Outside the Church!

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Aid from the Padre, 1962. [source]

We usually forget what is obvious.

This photo won a Pulitzer Prize, depicting a priest holding a soldier who dies in Venezuela (details here).

We tend to go to church to remember that we are Christians. To light a candle, to pray, to feel mentally uplifted. And yet, Christianity is not the buildings. Not even the church canon or its typical rules. These are of course very important elements carrying significant symbolisms and functions (on multiple levels), no one denies that. But if one looks at life and at the world with a clearer eye, he will see that its most Christian moments took place outside the buildings and outside the formal framework of some liturgy – many times not even by Christians.

In moments of despair, death, pain and agony.

Christianity is not us either. Why should it be? Wy have we won the title of “Christian”? Because we do superficial things that even a child could do? Basically, I don’t care much what Christianity is. In moments of despair, death, pain and anguish, who would care anyway? And yet, it is in such moments that we remember again something that was once obvious to us.

The world is full of pain and horror.

The world is dark.

And yet somewhere inside us we remember vaguely…

(But with absolute certainty)

That there is light somewhere…

Author: skakos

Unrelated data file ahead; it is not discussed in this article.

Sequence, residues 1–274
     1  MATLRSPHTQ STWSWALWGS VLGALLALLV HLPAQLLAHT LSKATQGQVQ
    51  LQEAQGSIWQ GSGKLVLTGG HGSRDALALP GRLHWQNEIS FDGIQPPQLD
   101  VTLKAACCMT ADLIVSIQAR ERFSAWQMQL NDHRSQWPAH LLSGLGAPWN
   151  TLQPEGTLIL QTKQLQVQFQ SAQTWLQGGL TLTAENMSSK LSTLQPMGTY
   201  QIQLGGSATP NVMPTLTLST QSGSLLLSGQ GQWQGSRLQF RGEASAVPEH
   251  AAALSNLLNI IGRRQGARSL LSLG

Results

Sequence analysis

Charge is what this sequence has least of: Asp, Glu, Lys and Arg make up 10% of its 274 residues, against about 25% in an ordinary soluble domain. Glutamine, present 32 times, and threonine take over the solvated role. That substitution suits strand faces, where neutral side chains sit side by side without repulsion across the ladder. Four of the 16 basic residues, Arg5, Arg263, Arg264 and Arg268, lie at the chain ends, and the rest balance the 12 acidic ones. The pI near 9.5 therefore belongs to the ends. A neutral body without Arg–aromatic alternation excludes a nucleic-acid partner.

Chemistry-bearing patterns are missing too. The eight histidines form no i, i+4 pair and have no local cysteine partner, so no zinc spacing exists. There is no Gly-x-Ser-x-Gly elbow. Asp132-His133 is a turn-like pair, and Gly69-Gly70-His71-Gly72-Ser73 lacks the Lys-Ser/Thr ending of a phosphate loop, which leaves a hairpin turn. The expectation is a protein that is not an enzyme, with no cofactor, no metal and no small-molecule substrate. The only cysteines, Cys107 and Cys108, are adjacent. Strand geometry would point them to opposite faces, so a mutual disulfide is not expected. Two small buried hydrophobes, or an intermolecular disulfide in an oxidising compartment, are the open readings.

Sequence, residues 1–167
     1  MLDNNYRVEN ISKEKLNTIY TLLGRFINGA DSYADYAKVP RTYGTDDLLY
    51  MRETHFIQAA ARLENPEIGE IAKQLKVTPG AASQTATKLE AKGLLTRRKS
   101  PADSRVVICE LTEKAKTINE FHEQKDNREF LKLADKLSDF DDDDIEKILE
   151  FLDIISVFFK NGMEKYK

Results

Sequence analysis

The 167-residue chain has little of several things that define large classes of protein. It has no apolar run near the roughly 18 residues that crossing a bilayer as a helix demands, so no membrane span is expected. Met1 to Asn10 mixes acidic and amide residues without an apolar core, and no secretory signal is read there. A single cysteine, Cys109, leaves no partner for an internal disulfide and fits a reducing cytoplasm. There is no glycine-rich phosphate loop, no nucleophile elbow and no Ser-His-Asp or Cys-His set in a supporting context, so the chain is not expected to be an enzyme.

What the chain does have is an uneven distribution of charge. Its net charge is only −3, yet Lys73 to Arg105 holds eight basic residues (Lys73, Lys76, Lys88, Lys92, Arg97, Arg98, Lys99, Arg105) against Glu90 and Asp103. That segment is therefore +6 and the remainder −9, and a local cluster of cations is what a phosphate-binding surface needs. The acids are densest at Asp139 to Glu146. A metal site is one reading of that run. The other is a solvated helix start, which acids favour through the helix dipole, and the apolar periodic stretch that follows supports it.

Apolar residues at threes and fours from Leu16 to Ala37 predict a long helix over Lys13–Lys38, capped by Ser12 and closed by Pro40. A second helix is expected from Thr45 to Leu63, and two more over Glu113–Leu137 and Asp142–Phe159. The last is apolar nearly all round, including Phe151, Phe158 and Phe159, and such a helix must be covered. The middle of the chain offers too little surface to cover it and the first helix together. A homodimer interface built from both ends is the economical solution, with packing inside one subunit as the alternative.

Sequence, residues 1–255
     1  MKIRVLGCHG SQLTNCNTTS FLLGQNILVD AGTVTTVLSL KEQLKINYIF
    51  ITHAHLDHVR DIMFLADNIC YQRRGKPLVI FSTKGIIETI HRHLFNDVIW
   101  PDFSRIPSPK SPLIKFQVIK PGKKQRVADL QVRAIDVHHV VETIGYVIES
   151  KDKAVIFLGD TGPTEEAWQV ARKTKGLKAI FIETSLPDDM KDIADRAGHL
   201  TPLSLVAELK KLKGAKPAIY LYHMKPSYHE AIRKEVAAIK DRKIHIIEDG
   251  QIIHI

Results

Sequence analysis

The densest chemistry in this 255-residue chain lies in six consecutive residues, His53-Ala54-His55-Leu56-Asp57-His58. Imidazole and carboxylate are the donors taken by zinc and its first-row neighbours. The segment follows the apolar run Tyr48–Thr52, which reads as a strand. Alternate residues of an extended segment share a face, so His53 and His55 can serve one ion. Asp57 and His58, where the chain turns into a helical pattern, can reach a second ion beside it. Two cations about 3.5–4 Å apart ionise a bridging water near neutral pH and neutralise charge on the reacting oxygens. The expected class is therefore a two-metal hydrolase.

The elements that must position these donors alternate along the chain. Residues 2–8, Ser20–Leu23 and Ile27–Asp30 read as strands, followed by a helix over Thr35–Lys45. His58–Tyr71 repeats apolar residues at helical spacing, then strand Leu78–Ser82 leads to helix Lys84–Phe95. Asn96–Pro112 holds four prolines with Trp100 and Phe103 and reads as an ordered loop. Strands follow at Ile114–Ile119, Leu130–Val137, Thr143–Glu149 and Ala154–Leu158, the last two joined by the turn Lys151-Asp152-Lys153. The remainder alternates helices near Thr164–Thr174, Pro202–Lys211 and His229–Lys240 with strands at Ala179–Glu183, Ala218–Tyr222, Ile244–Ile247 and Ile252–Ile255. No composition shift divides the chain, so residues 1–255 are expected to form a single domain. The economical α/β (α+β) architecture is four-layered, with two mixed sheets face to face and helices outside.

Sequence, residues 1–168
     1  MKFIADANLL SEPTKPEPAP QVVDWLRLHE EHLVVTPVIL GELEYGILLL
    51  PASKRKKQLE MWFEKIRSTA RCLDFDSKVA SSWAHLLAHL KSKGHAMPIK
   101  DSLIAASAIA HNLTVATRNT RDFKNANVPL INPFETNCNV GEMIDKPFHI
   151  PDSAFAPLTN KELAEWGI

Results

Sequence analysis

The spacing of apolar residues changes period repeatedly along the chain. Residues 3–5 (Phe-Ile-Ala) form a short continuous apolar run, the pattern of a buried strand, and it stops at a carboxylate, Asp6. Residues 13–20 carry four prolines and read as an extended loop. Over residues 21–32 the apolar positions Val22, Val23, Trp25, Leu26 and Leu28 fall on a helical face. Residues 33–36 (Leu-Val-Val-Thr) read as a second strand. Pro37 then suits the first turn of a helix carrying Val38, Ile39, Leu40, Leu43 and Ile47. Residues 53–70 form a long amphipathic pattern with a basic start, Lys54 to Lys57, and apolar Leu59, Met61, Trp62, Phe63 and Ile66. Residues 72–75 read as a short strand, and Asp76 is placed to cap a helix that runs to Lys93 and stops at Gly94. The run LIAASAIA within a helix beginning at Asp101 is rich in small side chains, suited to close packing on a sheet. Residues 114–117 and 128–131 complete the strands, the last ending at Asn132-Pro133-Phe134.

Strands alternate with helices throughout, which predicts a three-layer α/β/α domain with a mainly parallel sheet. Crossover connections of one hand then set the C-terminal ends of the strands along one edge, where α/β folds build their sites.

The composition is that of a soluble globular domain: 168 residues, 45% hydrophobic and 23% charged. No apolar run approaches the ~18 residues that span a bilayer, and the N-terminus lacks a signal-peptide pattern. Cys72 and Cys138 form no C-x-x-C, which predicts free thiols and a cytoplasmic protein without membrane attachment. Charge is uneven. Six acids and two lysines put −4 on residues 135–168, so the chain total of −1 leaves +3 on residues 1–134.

Spiros Kakos (or Spyros Kakos or Spyridon Kakos) [Σπύρος Κάκος] is a thinker located in Athens, Greece. He has been the Chief Editor of Harmonia Philosophica since its inception. Spiros has a diploma in Chemical Engineering, an MSc in Advanced Materials' Technology, an MBA in Decisions' Science, a phD in the use of conductive polymers in PCB industry and is still learning. He also worked as a technical advisor and a researcher in the Advanced Materials sector for many years in the past. In his free time he develops software solutions and contributes to the open source community. He is the creator of Huo Chess, one of the smallest micro-chess programs ever that is perfect for educational purposes. He believes that science and religion are two sides of the same coin and is profoundly interested in Religion and Science philosophy, as well as the philosophy of the irrational. His philosophical work is mainly concentrated on an effort to free thinking of "logic" and reconcile all philosophical opinions under the umbrella of the "One" that Parmenides - one of the first thinkers - visualized. Since our thought is dictated by our assumptions, the only way to free it and know cosmos as it is, is to think irrationally and destroy everything we have built. The "Harmonia Philosophica" articles program is the tool that will accomplish that. Life's purpose is to be defeated by greater things. And the most important things in life are illogical. We must fight the dogmatic belief in "logic" if we are to stay humans. We should stop thinking in order to think. Credo quia absurdum!

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